Cream of the Crop
The Maids brings its top franchisees together to benefit the system.
Opinions expressed by Entrepreneur contributors are their own.
When The Maids needs new ideas, this franchise company knows there's always one place it can turn to for inspiration, brainstorming or testing: its top-performing franchisees. For years, Eagles Air, a group made up of 25 of The Maids' most successful franchises has acted as sounding board for the system and mentor for other franchisees. "We felt if these people were successful with our system, then we certainly could learn from them," explains Dan Bishop, president and founder of the residential cleaning franchise.
When The Maids introduced its mega-market franchise, based on a larger population than the traditional Maids franchise offering, it was Eagles Air franchisees who became an important resource for new investors. "When these [mega-market franchisees] came along, they were looking for models who had walked this path before," Bishop says. "Our Eagles Air group was more than willing to help, to share with them so they could accelerate their growth."
Eagles Air members are accessible to all prospective and current franchisees. But just because mentors are available in The Maids system, that doesn't guarantee the mentoring program is always a success. "Both parties have to absolutely be willing to work together, and sometimes people coming in don't necessarily want that advice," Bishop explains.
Besides acting as mentors, Eagles Air also comes up with and improves new programs for The Maids. Ten years ago, The Maids came up with the Healthy Touch program to make houses cleaner for all customers, particularly those with asthma and other breathing disorders. While the company was focusing on the health angle for customers, Eagles Air was looking to help improve employees' health as well. "They said, 'What about our employees? They come in and they have a Coke and a candy bar in the morning. How about having a breakfast for them?'" Bishop says. "We developed a healthy breakfast of cereal and fruit, so our 4,000 maids nationwide have breakfast in our offices before going to work. It's not something we necessarily make money at, but it helps draw good people to our franchisees."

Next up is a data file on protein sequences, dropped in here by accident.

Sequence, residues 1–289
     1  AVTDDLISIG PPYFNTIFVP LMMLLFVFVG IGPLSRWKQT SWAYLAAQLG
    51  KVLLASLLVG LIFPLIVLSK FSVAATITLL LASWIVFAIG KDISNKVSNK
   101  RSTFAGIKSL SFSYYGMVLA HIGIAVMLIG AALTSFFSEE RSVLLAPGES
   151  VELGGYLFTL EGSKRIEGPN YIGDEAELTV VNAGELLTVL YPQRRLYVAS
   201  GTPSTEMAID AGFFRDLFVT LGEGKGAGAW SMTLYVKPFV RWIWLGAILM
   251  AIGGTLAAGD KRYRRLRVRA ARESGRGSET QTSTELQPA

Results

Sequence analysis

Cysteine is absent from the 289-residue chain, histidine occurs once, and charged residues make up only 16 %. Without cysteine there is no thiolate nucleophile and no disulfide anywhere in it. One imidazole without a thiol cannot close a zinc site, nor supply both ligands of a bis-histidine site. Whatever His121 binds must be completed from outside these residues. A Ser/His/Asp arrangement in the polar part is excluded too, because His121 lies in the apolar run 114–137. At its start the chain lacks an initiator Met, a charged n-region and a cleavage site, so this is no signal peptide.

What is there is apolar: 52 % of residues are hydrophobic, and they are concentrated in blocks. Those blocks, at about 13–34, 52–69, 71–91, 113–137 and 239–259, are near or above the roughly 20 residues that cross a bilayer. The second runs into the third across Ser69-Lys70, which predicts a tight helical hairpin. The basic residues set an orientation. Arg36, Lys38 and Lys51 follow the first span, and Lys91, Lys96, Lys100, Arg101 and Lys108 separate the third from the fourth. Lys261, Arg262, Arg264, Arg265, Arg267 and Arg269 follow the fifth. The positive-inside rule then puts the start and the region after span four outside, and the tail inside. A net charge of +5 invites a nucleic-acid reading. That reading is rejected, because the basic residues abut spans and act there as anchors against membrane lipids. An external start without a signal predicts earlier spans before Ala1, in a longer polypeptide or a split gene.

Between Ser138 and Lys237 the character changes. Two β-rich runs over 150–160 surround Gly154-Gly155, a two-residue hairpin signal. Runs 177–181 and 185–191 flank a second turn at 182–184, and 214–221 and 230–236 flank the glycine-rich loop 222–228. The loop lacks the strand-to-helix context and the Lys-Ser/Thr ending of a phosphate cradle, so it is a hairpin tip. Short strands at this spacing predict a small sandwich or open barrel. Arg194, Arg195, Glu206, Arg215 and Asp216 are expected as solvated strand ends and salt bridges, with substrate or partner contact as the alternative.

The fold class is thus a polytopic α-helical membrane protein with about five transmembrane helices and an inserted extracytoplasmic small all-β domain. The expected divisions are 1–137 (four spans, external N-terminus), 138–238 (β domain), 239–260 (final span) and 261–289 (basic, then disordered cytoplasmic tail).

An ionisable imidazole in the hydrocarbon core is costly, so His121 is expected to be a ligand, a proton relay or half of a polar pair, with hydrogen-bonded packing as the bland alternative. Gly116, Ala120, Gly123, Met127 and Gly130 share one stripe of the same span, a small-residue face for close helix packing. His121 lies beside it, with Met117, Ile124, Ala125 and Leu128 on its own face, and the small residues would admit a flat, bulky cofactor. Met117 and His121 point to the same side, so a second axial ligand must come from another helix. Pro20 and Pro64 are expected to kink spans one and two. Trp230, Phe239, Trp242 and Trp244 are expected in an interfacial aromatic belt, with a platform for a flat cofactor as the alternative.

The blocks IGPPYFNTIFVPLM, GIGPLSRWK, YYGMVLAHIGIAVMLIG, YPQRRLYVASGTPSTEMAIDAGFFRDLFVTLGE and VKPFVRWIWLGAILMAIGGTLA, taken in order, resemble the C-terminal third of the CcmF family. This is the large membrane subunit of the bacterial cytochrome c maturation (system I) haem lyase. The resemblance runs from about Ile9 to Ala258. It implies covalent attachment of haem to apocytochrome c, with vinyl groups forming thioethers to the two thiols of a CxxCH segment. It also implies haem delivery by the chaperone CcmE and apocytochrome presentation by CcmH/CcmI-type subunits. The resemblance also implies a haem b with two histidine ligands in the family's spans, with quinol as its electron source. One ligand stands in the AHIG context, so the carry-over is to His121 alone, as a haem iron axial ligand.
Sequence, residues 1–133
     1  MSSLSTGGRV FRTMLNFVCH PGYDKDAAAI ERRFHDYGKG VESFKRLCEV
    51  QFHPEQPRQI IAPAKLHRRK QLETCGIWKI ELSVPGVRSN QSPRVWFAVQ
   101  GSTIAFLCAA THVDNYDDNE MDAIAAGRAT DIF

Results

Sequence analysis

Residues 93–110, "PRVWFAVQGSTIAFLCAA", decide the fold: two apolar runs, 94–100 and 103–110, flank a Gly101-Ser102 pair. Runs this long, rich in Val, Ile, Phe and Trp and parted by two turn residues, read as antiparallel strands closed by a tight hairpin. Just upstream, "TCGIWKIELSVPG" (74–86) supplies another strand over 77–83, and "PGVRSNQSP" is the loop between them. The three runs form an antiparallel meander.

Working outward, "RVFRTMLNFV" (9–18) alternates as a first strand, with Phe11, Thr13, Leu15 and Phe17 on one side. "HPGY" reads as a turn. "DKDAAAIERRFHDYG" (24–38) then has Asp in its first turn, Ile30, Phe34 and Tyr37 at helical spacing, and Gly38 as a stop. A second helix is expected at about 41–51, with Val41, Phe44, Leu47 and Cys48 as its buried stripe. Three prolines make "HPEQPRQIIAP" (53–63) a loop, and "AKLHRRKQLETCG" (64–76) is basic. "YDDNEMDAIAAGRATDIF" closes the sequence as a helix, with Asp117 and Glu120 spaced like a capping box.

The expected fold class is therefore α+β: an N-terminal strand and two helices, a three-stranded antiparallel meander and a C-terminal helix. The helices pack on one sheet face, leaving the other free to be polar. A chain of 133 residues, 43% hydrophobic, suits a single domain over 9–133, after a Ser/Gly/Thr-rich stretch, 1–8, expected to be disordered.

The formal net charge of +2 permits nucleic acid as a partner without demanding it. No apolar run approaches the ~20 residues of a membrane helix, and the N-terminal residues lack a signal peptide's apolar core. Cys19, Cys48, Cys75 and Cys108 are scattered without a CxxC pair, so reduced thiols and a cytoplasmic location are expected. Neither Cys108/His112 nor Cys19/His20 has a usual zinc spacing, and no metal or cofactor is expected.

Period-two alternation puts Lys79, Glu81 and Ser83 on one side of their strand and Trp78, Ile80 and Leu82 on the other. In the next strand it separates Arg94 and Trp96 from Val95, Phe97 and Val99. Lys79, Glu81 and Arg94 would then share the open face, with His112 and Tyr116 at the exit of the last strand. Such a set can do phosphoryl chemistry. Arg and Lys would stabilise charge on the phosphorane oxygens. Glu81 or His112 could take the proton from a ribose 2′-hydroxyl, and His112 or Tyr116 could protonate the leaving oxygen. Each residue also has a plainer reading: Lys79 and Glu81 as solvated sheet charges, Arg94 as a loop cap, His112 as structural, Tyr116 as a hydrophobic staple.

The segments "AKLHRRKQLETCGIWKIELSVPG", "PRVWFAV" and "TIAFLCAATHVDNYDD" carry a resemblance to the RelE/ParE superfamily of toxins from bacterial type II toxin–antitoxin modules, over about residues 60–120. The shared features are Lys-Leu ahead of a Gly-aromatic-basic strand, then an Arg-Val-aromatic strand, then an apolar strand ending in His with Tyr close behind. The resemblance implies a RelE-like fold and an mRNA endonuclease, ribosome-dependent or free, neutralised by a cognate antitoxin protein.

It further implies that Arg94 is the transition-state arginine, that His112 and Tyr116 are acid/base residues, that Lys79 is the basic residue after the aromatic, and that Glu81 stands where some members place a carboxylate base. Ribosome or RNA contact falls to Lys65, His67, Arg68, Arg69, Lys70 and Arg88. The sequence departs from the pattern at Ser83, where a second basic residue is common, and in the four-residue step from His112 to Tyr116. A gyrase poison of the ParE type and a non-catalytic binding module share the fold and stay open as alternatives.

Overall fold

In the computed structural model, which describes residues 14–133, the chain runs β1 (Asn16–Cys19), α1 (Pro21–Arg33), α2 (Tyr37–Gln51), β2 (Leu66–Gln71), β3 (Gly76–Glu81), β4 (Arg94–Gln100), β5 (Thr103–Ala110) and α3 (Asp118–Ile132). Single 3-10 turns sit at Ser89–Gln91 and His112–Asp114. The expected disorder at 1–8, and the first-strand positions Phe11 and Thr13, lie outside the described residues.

Eagles Air members also reap special benefits themselves. Once or twice a year, these franchisees get together for a weekend retreat, where they have a brief idea meeting and spend the rest of the time hanging out and relaxing. This group has been on a cruise and a western horse ranch and visited other spots in the United States and Canada.
A certain sales level isn't the only requirement for inclusion in this franchisee group. In fact, dedication to the well-being of the entire system is the most important criterion. "They were mentors, willing to help other people coming along and to share their creative ideas," Bishop says. "Their overall demeanor showed they were interested in everybody being successful, not just themselves."
By bringing together the top performers in his system, Bishop knows The Maids in general is benefiting. "If people are willing to give their time, then the whole gets stronger," he says. "The company stays strong."